Mobile phone giant Vodafone helped the FTSE 100 Index soar to a fresh four-year high today as investors cheered news on customer numbers in Japan.
The heavyweight telecoms stock added more than 3% to its market value, making it the highest blue-chip riser.
Banking group HBOS also contributed to the upbeat mood following yesterday’s upbeat results, leaving the Footsie 31.7 points higher at 5570.5 by mid-morning. The index last closed at this level in August 2001.
Vodafone cheered 4.5p to 130.25p and was by far the heaviest traded stock of the session after a large increase in customers at its Japanese unit.
It was followed on the leaders board by HBOS, also up 3% or 27p to 933.5p, after becoming the second bank to forecast annual earnings ahead of expectations yesterday.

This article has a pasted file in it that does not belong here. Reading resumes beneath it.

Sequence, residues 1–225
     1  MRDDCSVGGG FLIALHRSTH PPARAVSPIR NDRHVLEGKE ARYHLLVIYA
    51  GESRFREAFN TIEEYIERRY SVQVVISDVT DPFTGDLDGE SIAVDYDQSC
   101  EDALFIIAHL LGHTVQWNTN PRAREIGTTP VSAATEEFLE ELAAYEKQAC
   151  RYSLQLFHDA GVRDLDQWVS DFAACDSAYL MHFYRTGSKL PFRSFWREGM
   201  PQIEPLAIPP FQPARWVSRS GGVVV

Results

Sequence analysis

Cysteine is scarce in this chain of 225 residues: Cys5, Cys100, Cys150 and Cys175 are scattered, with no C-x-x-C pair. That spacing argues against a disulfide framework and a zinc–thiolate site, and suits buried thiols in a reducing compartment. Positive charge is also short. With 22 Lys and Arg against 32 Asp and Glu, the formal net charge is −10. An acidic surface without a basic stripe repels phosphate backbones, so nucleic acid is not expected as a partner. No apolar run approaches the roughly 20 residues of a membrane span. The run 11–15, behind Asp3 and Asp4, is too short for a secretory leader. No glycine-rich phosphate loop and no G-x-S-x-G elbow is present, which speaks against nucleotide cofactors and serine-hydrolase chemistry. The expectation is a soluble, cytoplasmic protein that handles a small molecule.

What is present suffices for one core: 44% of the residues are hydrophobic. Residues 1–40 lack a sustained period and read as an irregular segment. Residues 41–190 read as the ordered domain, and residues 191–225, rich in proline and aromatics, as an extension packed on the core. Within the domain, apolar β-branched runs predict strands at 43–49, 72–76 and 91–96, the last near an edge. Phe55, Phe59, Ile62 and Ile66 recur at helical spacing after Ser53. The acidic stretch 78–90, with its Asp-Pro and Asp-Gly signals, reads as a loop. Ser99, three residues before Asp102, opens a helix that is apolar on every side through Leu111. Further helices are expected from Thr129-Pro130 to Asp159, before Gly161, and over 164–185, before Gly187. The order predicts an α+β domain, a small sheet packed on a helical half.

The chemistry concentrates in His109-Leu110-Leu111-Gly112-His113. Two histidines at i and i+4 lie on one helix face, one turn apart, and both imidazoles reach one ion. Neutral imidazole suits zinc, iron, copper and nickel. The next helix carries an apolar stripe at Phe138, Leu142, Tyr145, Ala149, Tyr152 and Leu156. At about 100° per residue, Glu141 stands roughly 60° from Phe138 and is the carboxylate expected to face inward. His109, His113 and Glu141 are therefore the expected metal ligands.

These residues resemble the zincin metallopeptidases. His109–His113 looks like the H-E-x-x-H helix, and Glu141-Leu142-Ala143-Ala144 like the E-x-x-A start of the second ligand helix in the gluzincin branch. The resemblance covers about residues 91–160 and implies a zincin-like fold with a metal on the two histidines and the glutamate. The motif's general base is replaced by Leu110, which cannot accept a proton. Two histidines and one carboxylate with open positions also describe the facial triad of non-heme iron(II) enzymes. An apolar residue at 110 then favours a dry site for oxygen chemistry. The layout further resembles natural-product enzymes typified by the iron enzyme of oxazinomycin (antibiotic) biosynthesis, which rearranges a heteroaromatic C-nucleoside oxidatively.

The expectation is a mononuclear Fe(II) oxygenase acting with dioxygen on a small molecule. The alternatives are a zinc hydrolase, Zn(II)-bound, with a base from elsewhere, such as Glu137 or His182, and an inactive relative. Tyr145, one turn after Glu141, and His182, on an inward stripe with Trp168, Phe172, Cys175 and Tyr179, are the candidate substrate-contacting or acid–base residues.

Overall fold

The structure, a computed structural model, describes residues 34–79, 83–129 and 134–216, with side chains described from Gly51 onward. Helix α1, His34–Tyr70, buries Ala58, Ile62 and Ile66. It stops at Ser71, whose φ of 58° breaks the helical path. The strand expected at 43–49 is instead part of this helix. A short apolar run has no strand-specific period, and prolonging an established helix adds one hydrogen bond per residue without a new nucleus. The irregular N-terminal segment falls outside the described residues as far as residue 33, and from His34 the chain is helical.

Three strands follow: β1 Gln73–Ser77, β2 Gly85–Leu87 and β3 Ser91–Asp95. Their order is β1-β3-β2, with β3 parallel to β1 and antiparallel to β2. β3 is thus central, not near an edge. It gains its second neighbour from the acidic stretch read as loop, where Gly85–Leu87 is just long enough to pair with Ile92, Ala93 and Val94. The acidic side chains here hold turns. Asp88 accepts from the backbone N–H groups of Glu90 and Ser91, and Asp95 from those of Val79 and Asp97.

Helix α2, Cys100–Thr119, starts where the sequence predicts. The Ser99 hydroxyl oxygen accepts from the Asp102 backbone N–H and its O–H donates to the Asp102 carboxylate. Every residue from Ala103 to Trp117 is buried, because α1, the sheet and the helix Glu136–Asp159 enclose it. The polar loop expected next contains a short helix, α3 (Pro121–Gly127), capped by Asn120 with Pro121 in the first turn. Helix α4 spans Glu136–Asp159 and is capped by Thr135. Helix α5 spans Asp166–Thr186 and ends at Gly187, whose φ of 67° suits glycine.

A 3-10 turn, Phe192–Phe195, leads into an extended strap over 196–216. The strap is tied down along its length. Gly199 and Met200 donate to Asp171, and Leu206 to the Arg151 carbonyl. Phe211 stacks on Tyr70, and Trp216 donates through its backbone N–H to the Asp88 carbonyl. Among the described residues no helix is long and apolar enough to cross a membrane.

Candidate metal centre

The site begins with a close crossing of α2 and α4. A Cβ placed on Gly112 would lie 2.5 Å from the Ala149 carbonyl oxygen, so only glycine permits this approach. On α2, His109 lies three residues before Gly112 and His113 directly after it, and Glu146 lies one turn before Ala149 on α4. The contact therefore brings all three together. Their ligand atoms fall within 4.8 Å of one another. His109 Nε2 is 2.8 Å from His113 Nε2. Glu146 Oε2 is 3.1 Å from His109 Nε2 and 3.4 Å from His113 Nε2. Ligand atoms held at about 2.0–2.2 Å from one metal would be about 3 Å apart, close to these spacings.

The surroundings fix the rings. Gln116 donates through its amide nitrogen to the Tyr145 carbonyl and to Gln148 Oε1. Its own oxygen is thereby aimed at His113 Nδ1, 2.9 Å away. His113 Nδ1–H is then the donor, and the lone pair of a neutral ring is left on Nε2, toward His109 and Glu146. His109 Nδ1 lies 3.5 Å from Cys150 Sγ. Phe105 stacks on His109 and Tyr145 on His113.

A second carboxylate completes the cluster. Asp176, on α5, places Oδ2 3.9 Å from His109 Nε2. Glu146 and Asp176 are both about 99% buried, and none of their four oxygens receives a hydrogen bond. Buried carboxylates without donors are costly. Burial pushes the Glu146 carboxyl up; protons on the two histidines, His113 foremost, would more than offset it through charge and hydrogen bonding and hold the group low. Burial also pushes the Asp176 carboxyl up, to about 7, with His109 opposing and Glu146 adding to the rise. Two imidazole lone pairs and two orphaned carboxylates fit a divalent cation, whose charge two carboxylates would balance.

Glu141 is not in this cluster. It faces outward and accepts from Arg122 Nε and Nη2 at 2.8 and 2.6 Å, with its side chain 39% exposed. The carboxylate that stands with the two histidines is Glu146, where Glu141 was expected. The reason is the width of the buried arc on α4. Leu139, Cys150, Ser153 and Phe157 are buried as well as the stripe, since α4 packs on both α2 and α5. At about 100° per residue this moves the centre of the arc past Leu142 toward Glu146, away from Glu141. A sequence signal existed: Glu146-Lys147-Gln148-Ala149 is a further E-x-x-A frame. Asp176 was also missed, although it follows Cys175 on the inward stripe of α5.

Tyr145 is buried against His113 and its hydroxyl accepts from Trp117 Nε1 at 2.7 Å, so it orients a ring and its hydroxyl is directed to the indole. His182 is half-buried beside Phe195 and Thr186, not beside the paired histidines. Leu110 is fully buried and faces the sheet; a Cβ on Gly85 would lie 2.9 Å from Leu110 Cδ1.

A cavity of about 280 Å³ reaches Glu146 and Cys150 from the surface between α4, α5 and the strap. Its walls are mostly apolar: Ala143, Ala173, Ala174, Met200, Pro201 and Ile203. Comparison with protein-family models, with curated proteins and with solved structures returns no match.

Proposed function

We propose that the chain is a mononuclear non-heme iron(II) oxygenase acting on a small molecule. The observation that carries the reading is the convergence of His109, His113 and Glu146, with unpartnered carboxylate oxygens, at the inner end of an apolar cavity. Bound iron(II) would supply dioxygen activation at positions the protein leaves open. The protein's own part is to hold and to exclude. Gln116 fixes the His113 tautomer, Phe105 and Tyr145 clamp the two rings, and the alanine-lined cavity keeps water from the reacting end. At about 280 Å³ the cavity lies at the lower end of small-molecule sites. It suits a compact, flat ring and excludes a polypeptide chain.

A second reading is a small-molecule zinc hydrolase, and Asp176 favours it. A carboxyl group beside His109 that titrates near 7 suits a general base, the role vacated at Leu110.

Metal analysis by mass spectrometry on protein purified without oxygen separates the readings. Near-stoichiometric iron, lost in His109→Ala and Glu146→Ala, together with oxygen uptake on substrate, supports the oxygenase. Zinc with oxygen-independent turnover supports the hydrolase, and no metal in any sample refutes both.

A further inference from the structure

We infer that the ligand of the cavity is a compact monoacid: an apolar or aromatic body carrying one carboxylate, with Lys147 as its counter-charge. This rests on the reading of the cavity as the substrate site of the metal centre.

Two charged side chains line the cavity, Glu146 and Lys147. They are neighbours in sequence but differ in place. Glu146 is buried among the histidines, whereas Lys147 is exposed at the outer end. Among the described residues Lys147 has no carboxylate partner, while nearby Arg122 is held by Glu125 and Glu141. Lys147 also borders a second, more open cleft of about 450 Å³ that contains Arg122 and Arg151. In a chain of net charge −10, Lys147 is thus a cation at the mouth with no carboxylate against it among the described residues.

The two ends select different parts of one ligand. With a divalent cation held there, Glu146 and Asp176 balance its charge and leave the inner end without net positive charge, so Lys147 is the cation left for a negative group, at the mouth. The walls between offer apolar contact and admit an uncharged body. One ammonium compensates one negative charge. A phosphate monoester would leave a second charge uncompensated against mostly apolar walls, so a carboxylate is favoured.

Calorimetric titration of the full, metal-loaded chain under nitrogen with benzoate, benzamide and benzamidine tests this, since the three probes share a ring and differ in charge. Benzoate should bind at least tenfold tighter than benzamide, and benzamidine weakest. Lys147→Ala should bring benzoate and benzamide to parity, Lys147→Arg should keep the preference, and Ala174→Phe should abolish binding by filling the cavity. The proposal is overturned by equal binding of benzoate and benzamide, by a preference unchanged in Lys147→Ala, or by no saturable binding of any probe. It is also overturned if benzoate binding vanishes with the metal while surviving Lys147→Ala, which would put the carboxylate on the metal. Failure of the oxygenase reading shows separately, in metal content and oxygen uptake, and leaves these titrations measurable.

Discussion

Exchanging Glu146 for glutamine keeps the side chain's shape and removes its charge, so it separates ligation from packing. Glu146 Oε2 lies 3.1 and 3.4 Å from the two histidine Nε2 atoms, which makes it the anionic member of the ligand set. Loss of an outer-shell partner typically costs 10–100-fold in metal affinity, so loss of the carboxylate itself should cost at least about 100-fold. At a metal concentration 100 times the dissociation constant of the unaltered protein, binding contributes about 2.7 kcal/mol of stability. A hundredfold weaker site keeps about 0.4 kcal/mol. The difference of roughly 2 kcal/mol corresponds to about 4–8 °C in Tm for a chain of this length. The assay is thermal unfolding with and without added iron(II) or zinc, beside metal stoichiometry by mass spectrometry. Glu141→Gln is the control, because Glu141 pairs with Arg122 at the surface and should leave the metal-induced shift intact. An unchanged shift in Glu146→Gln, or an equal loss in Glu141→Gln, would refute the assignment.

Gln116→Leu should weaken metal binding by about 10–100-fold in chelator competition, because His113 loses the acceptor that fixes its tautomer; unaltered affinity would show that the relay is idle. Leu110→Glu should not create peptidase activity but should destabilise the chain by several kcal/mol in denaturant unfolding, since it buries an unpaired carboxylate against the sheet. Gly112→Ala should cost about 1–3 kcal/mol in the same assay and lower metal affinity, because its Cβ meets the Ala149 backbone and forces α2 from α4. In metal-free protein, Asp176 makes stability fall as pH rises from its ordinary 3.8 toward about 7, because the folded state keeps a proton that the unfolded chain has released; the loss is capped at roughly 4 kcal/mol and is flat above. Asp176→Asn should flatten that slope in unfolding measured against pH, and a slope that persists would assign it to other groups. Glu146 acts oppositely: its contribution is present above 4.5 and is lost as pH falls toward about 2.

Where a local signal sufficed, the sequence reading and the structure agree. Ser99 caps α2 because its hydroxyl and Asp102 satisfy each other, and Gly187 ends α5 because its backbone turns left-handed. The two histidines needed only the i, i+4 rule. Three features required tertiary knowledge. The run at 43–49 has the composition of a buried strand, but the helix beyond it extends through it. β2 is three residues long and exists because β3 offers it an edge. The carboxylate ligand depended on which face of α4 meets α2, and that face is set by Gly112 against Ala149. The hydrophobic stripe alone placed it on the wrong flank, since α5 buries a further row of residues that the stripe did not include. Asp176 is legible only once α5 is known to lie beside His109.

But elsewhere in the banking sector, Standard Chartered and Barclays headed in the opposite direction as their latest news failed to impress the market.
Standard Chartered weakened 27p to 1226p, making it the session’s heaviest faller, as brokers noted the language used in its pre-close statement today was less bullish than a year ago.
Barclays slipped 1.5p to 602p after it shook up the management of its UK banking operation.
Analysts said the departure of Barclays UK banking boss Roger Davis was negative because there were signs that his efforts to turn around performance were working.
Outside the top flight, engineer Mowlem agreed to be taken over by rival Carillion for £291m (€430.3m) but its shares only managed to rise 2p to 210p as the price was less than investors were expecting. Carillion was on the slide – off 2.5p at 313.5p.
Packaging specialist DS Smith added 0.75p to 152.75p as it had already prepared investors for a fall in half year profits.